The Crucible By Arthur Miller Essay

The Crucible By Arthur Miller Essay

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“Blind belief in authority is the greatest enemy of truth” - Albert Einstein. Throughout the course of human history, authority has played a prominent role in our lives. Einstein’s quote about “blind belief in authority” explains the situation fittingly in “The Crucible”. Not only have the people of Salem senselessly believed in teenager’s accusations, but they have also supported the actions of the High Court, along with Judge Danforth and Reverend Parris, which has led to numerous innocent deaths. In Arthur Miller’s “The Crucible”, Reverend Hale, Reverend Parris, and Judge Danforth have differing views on how authority should be derived and applied.
Reverend Hale, a witch hunter brought to Salem, differs greatly from the way he exhibits authority from Judge Danforth and Reverend Parris. We see early on in the play, Hale uses his authority in the name of God, the High Court, and what he believes is truly just. When Hale is introduced to the reader, the first thing he is mentioned being with is his theology books. Here, the reader can see that Hale is deeply invested in using his authority solely for the purpose of ridding the world of ‘evil’. This is evident in the quote, “They must be; they are weighted with authority.” (1255). Hale is talking about how his authority is essentially derived from his books. In comparison to Danforth, Hale’s intentions are definitely more noble. Hale looks at the evidence and applies his knowledge on theology and even his own morality. The reader can conclude that this is true based on the following, “Excellency, I have signed seventy-two death warrants; I am a minister of the Lord, and I dare not tarke a life without there be a proof so immaculate no slightest qualm of conscience may doubt it.” ...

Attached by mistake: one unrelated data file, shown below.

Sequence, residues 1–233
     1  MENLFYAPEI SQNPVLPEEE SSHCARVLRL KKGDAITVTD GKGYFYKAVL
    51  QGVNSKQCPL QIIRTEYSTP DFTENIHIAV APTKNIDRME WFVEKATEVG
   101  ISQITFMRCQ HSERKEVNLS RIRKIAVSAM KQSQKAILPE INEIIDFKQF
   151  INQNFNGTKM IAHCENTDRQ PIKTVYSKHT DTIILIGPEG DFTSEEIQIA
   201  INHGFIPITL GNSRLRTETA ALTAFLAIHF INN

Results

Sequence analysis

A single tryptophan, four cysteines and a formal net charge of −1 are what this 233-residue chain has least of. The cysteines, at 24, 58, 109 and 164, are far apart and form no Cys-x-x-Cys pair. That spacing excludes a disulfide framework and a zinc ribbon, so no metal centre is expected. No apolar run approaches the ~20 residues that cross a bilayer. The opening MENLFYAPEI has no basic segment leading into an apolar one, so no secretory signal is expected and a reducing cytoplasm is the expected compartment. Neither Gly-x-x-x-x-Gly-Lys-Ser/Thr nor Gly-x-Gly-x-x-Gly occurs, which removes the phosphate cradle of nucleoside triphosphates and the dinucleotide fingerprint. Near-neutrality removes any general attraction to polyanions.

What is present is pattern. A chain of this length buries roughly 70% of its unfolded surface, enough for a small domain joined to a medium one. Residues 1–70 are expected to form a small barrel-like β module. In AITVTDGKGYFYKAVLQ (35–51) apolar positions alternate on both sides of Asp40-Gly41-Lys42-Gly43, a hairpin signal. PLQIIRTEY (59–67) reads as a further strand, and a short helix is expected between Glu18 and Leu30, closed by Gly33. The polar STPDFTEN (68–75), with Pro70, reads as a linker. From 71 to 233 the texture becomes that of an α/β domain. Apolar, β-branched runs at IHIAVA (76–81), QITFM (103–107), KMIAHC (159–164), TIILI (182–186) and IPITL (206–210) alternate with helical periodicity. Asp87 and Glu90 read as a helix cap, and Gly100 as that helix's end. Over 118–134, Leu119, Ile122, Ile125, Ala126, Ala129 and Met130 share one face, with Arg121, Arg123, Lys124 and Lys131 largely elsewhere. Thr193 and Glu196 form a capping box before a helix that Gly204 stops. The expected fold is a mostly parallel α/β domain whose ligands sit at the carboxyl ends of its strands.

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... worrisome about his reputation. Overall, he really epitomizes an ignoramus.
In brief, Hale, Parris, and Danforth have contrasting views on how to use authority, but ultimately, Hale is really the only one who uses his authority for good intentions. Danforth uses his authority ignorantly, citing God as the only evidence he needs. Last and least, Parris uses his authority for only selfish motives. Authority not derived from the people is not something that should be senselessly followed. Einstein once said that the greatest enemy of truth is blind belief in authority. What should ultimately taken from this quote is that authority should derive from the consent of the governed, not from the threat of force. In this case, the people of Salem are the governed. Parris, Danforth, and the High Court had no right in wrongly sentencing many of the town’s citizens to death.

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